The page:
The modelling of the solar upper photosphere and lower chromosphere based upon ATM data
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The modelling of the solar upper photosphere and lower chromosphere based upon ATM data final technical report

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Published by Institute for Astronomy, University of Hawaii, NASA George C. Marshall Space Flight Center in Honolulu, Hawaii, Marshall Space Flight Center, Ala .
Written in English

Subjects:

  • Skylab Program.,
  • Solar photosphere.,
  • Solar chromosphere.

Book details:

Edition Notes

StatementJames N. Heasley, Principal Investigator ; prepared for George C. Marshall Flight Center.
SeriesNASA-CR -- 170920., NASA contractor report -- NASA CR-170920.
ContributionsGeorge C. Marshall Space Flight Center.
The Physical Object
FormatMicroform
Pagination1 v.
ID Numbers
Open LibraryOL16118906M

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Modelling of the solar upper photosphere and lower chromosphere based upon ATM data (OCoLC) Material Type: Document, Government publication, National government publication, Internet resource: Document Type: Internet Resource, Computer File: All Authors / Contributors: James N Heasley; George C. Marshall Space Flight Center. The modelling of the solar upper photosphere and lower chromosphere based upon ATM data. By J. N. Heasley. Get PDF ( KB) Abstract. Spectral data obtained by the SO82B experiment aboard SKYLAB were used to critically evaluate existing models of the solar upper photosphere and lower chromosphere. Spectral data obtained by the SO82B Author: J. N. Heasley. The modelling of the solar upper photosphere and lower chromosphere based upon ATM data Spectral data obtained by the SO82B experiment aboard SKYLAB were used to critically evaluate existing models of the solar upper photosphere and lower chromosphere. These spectral diagnostics were used to develop new solar models. The temperature of the chromosphere varies substantially with height above the photosphere. At first, the temperature decreases with height - from roughly 6,° C (11,° F) at the photosphere to about 4,° C (7,° F) a couple hundred kilometers higher up.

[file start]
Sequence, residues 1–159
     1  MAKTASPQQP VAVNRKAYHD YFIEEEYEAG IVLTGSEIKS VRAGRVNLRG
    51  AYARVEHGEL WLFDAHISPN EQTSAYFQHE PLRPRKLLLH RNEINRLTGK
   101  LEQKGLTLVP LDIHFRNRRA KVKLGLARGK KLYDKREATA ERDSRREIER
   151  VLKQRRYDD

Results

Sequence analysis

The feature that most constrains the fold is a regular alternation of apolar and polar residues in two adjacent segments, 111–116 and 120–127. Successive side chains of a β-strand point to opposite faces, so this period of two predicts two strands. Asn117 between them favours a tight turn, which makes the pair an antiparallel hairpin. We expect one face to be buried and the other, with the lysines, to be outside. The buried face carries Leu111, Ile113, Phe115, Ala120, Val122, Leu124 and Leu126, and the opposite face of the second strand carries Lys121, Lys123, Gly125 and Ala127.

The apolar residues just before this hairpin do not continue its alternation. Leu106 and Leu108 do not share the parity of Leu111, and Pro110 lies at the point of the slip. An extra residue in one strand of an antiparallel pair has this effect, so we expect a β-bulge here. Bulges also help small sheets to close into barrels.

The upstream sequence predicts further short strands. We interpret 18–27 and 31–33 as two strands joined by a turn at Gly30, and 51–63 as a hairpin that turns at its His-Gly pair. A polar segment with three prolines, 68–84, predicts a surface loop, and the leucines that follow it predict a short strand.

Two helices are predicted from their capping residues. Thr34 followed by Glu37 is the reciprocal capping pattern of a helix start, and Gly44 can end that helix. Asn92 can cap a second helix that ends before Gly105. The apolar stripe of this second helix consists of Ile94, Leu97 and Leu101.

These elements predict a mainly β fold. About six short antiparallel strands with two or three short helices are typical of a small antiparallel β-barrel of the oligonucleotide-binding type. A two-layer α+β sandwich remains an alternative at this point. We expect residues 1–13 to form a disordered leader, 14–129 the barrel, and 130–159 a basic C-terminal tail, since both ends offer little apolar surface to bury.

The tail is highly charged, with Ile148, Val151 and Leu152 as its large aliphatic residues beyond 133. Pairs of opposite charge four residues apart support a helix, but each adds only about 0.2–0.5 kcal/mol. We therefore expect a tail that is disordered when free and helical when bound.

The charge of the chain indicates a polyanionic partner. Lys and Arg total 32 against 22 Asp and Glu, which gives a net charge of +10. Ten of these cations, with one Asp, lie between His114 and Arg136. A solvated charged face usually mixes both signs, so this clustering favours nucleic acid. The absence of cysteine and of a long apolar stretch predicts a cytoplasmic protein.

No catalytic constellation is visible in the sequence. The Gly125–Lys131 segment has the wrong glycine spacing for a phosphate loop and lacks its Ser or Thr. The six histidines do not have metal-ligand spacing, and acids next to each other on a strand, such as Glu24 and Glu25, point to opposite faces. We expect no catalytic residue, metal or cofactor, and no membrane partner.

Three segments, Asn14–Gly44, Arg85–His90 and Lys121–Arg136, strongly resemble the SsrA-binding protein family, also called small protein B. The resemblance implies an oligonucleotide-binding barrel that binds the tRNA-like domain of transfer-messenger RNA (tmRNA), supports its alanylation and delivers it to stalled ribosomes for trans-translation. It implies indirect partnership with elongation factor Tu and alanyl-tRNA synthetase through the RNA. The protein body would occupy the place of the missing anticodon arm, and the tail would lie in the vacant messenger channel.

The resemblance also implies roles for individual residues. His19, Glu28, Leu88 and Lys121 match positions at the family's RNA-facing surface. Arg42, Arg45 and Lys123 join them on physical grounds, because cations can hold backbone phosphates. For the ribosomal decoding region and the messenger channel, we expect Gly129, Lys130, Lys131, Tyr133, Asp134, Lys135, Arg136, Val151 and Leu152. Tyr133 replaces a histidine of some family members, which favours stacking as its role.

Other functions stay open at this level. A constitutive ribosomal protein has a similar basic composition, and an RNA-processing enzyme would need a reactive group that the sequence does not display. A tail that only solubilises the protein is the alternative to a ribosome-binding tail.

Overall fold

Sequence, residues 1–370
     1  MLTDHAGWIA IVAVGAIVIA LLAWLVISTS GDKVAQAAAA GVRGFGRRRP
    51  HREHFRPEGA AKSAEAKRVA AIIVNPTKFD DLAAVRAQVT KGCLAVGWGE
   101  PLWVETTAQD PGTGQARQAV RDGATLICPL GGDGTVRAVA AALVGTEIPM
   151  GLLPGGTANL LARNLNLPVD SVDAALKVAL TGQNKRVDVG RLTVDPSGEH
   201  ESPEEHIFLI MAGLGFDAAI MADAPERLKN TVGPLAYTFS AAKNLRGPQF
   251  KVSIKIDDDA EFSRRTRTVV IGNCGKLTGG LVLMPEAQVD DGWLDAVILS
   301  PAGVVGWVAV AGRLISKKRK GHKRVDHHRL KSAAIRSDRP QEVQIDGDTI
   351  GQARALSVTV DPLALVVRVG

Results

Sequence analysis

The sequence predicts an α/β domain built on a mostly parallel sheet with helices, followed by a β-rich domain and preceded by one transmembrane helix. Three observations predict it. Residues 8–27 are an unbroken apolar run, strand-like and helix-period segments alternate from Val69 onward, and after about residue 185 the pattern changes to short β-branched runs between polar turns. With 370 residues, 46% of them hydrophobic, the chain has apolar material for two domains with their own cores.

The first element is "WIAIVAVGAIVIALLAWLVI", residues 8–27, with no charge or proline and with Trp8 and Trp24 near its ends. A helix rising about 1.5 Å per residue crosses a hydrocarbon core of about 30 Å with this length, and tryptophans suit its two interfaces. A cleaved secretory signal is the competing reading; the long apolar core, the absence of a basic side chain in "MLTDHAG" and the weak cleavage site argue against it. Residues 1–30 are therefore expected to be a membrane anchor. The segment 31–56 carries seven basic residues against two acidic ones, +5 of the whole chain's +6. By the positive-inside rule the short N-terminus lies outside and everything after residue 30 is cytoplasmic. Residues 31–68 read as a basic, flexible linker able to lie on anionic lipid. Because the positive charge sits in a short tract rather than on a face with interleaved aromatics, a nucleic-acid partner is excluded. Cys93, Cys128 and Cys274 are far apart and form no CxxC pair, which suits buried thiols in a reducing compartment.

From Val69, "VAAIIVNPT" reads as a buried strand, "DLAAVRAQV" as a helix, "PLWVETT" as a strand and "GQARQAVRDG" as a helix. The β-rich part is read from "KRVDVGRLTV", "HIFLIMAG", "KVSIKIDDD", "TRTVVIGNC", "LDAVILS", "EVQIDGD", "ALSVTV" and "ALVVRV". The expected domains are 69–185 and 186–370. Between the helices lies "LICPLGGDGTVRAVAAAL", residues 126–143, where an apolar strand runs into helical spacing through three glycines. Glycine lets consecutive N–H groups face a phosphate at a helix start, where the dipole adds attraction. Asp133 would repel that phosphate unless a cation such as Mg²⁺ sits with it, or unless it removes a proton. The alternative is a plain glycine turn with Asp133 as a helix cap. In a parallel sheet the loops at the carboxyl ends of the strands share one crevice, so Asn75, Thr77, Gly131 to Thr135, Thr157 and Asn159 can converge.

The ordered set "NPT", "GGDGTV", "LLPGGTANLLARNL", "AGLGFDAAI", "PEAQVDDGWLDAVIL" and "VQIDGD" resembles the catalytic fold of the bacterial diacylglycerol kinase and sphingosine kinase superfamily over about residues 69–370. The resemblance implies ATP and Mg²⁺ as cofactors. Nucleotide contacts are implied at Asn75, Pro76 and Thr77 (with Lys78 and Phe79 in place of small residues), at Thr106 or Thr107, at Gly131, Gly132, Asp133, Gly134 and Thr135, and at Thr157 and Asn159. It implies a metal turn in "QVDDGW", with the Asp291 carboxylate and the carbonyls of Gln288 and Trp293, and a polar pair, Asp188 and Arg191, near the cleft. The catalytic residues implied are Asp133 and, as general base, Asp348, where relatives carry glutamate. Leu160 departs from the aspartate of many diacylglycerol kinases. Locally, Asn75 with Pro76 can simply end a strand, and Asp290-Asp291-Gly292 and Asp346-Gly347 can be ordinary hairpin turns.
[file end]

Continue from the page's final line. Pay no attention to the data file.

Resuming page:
The chromosphere may play a role in conducting heat from the interior of the sun to its outermost layer, the corona. "We see certain kinds of solar seismic waves channeling upwards into the lower. The solar chromosphere is traditionally defined as the layer, lying between the pho-tosphere and the transition region, where the temperature first starts to rise outwards. The lower boundary in this definition is formed by the temperature minimum layer. The upper boundary is less clearly marked, however, with a temperature around 1−2× K.   The source of this "differential rotation" is an area of current research in solar astronomy. A Mb MPEG movie showing magnetic features in the photosphere over a 36 day period is available here. These data were obtained with the GONG solar telescope network. The movie illustrates the rotation of the Sun as well as the evolution of the Sun's. The dynamic interface region (IR) spans the photosphere and lower corona. Typical mass and energy density in the IR are orders of magnitude larger than in the corona as a whole (McWhirter et al.

The bright white area seen on the right side of the Sun in this image from the Solar Dynamics Observer spacecraft is a solar flare that was observed on J (credit: NASA/SDO) Flares, like the one shown in [link], are often observed in the red light of hydrogen, but the visible emission is only a tiny fraction of the energy released.   The chromosphere (from the Greek word χ ρωμoσ, color) is the lowest part of the solar atmosphere, extending to an average height of ∼ km above the photosphere. The first theoretical concepts conceived the chromosphere as a spherical layer around the solar surface (in the s; Fig. 6, left), while later refinements included the diverging magnetic fields (canopies) with height (in. In this work we use millimeter wave data to distinguish between various atmospheric models of sunspots, whose temperature structure in the upper photosphere and chromosphere has been the .   The chromosphere is also visible in the light emitted by ionized calcium, Ca II, in the violet part of the solar spectrum at a wavelength of nanometers (the Calcium K-line). This emission is seen in other solar-type stars where it provides important information about the chromospheres and activity cycles in those stars.